How to Beat Gingivitis & Get Healthy Gums at Home

avatarby Dr. Kim OkamuraLast updated Jan 31, 2017Category: Blog

graphic of a tooth and healthy gums free of gingivitis

Have you ever experienced gingivitis or gum disease? Whether you’re noticing inflamed, bleeding gums for the first time, or have a history of gum-related problems, your first priority is getting back to normal. And we’re here to help. By boosting your gingivitis awareness, you can take action when you first notice signs of a problem – and prevent it from progressing to a more serious infection.

There is one catch – for some patients, gingivitis doesn’t show the kinds of symptoms that they’ll be able to notice on their own. This is one of the many reasons why you should visit your dentist regularly. For patients who fall into high risk categories mentioned below, that interval may even be more than twice a year. If you’re not sure how often you should be scheduling exams, just get in touch for guidance.

Before your next appointment, learn more about the signs of gingivitis and how to protect your healthy gums at home – we’ve put together a guide below.

Stages of Gum Disease

This post is focusing on gingivitis, which is the first stage of gum disease. But it doesn’t have to progress to full-blown periodontal disease – and with some home care, you can actually reverse gingivitis.

Gingivitis takes hold when plaque that has gathered on your teeth begins to irritate the gum line. Your gums typically become inflamed, tender, and may take on a deep reddish or purple tone. If the source of irritation (the plaque) is removed, then the gingivitis will fade and your gums will heal. But if the plaque persists, your gums may become infected and progress to periodontitis.

Gingivitis Risk Factors

  • Poor oral hygiene
  • Tobacco use
  • Diabetes
  • Aging
  • Compromised immunity stemming from other conditions
  • Some medications (ask your doctor if you’re uncertain)
  • Certain viral and fungal infections
  • Dry mouth
  • Hormonal fluctuations related to puberty, pregnancy, menopause, or the use of birth control pills
  • Poor nutrition
  • Alcohol or drug abuse
  • Ill-fitting dentures, partials, or other removable restorations

If you fit into a number of these categories, talk to your dentist about receiving the most appropriate care.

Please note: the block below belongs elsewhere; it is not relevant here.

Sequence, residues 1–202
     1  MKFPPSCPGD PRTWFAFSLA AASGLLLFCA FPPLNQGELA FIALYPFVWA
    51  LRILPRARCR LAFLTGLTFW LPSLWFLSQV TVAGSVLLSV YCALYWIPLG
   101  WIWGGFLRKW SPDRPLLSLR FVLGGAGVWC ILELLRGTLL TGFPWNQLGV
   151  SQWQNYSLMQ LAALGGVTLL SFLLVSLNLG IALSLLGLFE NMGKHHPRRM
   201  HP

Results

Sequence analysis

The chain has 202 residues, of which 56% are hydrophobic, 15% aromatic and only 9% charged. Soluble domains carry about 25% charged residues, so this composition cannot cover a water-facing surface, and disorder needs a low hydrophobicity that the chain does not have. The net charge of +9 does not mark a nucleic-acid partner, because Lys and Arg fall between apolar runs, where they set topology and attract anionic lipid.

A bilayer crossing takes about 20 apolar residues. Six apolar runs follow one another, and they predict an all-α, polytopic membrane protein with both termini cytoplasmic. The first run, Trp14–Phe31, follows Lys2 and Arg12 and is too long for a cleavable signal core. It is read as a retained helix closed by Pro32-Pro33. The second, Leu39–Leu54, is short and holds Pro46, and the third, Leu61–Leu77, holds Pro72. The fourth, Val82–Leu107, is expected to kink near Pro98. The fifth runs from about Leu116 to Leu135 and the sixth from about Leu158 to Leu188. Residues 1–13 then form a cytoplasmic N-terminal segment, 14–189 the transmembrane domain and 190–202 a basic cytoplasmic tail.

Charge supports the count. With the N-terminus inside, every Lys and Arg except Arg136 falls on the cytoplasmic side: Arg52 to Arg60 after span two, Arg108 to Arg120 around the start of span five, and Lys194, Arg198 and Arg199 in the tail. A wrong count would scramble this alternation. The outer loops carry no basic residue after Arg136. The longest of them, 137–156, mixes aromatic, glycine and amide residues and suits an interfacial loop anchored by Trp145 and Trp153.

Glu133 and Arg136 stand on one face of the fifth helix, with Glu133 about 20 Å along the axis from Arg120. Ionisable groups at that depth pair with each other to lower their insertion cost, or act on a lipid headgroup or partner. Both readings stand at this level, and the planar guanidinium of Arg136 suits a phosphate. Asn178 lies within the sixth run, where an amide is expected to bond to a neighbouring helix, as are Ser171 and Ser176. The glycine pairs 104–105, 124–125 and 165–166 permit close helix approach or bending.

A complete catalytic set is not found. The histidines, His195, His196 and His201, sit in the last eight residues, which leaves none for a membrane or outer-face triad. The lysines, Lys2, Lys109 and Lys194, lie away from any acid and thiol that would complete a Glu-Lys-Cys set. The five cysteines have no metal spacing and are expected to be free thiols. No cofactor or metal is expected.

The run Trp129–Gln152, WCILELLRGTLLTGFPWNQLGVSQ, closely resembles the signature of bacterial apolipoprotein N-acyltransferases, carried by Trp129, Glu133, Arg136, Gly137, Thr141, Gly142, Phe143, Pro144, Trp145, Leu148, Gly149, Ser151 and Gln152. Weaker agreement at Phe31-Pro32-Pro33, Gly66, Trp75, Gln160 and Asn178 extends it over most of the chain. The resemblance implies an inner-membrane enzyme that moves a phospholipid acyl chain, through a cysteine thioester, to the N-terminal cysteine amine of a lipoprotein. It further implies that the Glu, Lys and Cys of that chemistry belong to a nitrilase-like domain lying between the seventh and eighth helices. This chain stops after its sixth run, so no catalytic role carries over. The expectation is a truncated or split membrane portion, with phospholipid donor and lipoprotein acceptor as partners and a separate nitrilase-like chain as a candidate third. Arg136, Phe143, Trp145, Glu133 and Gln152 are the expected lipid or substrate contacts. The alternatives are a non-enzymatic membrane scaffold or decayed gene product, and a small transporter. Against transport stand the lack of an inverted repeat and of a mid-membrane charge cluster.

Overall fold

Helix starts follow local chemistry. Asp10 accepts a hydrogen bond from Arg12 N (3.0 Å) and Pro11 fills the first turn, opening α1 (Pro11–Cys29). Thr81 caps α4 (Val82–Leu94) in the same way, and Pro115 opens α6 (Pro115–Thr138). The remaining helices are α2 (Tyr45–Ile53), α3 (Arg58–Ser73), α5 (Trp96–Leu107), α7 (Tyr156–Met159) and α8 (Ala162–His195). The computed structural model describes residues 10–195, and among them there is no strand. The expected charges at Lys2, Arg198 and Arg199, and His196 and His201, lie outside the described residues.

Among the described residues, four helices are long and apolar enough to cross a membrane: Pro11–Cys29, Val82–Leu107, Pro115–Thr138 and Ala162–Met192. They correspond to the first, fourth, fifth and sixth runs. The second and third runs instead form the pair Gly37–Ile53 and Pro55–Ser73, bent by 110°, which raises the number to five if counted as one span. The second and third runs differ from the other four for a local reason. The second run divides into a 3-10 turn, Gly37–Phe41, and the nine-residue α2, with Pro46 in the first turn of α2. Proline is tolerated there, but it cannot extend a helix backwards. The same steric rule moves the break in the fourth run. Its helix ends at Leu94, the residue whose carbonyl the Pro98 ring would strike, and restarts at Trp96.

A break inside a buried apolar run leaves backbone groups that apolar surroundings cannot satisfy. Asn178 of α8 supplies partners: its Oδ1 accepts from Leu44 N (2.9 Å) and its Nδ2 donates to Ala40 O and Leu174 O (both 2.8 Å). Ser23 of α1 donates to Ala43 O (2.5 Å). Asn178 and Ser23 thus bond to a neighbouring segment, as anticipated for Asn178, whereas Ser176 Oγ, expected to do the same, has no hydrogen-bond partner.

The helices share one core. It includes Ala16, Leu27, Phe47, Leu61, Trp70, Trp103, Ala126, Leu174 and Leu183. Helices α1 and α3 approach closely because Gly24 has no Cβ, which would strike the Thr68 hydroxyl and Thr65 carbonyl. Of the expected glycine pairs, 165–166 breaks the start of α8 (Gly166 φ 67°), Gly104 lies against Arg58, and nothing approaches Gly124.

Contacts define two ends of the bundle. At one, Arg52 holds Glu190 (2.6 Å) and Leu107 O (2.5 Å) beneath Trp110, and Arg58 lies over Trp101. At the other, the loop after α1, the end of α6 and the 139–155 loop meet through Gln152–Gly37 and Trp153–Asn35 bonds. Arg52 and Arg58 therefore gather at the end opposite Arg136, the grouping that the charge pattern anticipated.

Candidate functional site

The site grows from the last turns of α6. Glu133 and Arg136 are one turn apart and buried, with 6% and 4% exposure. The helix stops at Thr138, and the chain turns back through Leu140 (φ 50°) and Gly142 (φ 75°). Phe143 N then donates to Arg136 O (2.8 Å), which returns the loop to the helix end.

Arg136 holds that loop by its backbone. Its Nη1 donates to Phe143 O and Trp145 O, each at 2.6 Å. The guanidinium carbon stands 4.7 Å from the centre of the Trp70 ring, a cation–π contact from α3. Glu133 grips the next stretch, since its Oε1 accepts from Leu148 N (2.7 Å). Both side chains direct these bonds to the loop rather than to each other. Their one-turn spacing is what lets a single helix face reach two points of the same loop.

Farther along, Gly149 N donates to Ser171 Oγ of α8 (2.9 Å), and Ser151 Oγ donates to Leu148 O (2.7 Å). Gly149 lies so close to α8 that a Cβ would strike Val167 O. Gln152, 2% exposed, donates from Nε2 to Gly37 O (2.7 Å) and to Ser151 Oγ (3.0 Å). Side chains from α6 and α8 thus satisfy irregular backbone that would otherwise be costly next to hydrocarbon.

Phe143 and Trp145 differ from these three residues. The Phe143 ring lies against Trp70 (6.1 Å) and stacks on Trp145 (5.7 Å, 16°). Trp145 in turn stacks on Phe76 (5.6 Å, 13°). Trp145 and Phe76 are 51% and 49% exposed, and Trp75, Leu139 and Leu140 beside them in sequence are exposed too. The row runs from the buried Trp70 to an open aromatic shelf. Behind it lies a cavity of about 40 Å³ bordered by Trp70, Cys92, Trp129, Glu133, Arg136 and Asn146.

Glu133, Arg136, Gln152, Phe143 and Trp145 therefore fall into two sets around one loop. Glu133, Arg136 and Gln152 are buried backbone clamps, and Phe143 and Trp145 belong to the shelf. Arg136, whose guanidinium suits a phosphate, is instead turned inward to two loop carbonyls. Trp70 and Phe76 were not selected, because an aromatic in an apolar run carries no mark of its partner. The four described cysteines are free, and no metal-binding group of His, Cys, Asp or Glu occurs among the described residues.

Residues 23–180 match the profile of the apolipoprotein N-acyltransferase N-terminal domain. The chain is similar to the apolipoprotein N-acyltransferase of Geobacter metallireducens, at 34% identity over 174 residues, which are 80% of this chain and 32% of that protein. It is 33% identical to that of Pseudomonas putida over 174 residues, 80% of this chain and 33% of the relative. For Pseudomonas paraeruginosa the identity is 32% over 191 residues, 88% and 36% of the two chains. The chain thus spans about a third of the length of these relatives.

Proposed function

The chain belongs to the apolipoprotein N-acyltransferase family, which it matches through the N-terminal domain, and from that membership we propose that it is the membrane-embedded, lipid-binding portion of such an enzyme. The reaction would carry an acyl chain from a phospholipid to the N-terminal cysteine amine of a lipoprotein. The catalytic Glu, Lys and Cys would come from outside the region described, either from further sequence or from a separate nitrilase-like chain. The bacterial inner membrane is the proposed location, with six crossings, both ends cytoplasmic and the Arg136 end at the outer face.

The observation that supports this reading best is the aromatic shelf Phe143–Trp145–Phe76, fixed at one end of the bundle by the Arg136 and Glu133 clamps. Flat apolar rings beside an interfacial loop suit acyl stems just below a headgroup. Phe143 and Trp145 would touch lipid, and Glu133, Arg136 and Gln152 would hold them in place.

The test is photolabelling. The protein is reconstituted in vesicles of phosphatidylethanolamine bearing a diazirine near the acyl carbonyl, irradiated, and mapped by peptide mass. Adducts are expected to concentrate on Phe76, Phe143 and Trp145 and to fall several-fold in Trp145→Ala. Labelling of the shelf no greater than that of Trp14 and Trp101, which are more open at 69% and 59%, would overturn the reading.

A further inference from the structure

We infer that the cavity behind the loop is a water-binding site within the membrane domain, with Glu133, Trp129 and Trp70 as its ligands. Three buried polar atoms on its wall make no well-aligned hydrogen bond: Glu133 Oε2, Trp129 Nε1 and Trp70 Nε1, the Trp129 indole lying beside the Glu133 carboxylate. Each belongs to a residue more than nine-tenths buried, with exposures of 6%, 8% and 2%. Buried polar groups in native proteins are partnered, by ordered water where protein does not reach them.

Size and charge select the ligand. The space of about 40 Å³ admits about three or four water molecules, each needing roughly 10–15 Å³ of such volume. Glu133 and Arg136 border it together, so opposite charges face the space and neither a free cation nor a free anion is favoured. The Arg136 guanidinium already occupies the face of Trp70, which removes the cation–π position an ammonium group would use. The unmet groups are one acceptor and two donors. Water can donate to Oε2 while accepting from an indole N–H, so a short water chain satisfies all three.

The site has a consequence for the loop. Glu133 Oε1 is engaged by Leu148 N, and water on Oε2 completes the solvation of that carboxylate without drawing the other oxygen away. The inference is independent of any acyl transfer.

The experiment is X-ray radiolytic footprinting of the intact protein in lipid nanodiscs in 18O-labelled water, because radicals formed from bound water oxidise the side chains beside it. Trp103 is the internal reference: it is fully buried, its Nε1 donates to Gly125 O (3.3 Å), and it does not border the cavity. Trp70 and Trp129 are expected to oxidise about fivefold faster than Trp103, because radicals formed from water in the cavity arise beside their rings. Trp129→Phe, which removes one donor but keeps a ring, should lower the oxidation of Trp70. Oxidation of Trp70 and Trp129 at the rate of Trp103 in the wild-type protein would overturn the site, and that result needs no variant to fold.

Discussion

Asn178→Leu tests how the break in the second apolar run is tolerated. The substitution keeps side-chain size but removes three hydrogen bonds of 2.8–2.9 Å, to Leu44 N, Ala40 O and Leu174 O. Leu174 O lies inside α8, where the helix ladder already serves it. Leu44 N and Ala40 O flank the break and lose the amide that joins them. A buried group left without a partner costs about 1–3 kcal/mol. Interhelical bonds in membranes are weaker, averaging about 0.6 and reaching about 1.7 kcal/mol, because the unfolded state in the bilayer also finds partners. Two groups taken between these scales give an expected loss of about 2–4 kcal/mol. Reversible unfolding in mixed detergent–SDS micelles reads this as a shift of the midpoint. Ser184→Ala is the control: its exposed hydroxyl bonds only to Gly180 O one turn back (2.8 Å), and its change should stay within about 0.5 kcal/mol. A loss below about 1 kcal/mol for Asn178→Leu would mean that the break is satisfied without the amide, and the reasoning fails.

How Do I Tell If Have Gingivitis?

Unfortunately, gingivitis symptoms can be very difficult to recognize to the untrained eye. It’s crucial that you keep a close eye on what your teeth and gums are telling you. Check in with your mouth from time to time – take a closer look at your teeth and gums after brushing or flossing. Look for the signs mentioned below, especially if you fall into one or more of the risk categories.

We’ve mentioned a few of these symptoms above, but it’s always handy to have them all in one place.

  • Gums that bleed easily, when touched or when brushing or flossing
  • Gums that are dark red or purple
  • Swollen gums
  • Tender gums
  • Gums pulling away from teeth, with pockets forming
  • Persistent bad breath
  • A bad taste in the mouth
  • Loose teeth
  • Changing bite
  • Changing fit of partials or dentures

Taking Great Care of Your Gums Each Day

young woman brushing her teeth for gingivitis prevention and looking in the mirror

If you’re noticing the symptoms we mentioned, it’s not too late – you can even take action at home. But we do recommend that you schedule a dental exam so that we can offer personalized guidance and remove plaque and tartar from your teeth.

As soon as you notice signs of gingivitis, start doing the following:

  • Boost your brushing and flossing – The primary cause of gum disease is poor oral hygiene leading to plaque buildup. Make sure you’re brushing and flossing often and effectively. Refresh yourself on brushing and flossing techniques to help, and set a reminder on your mirror or phone if you tend to overlook oral hygiene.
  • Try out new dental products – An electric toothbrush or floss holder might help you clean more thoroughly and prevent plaque buildup. Ask us if you’re looking for personalized recommendations.
  • Try a mouthwash – An antiseptic mouthwash could help you remove harmful bacteria on a regular basis. This may be helpful for on-the-go cleaning during the day.
  • Eat healthy – It’s important to get fresh fruit and vegetables for many reasons – and staving off gum disease is one of them.

 

Gingivitis Treatment Seattle | Seattle Gingivitis Treatment | Tips for Healthy Gums
Dr. Kim Dr. Kim

Dr. Kim Okamura

I'm Dr. Kim Okamura and this blog is a product of my love of dentistry. I dedicate it to all the patients I have served so that they may better understand my craft. The information here will give you and others the power to maintain and protect one of your most priceless gifts ... your SMILE.
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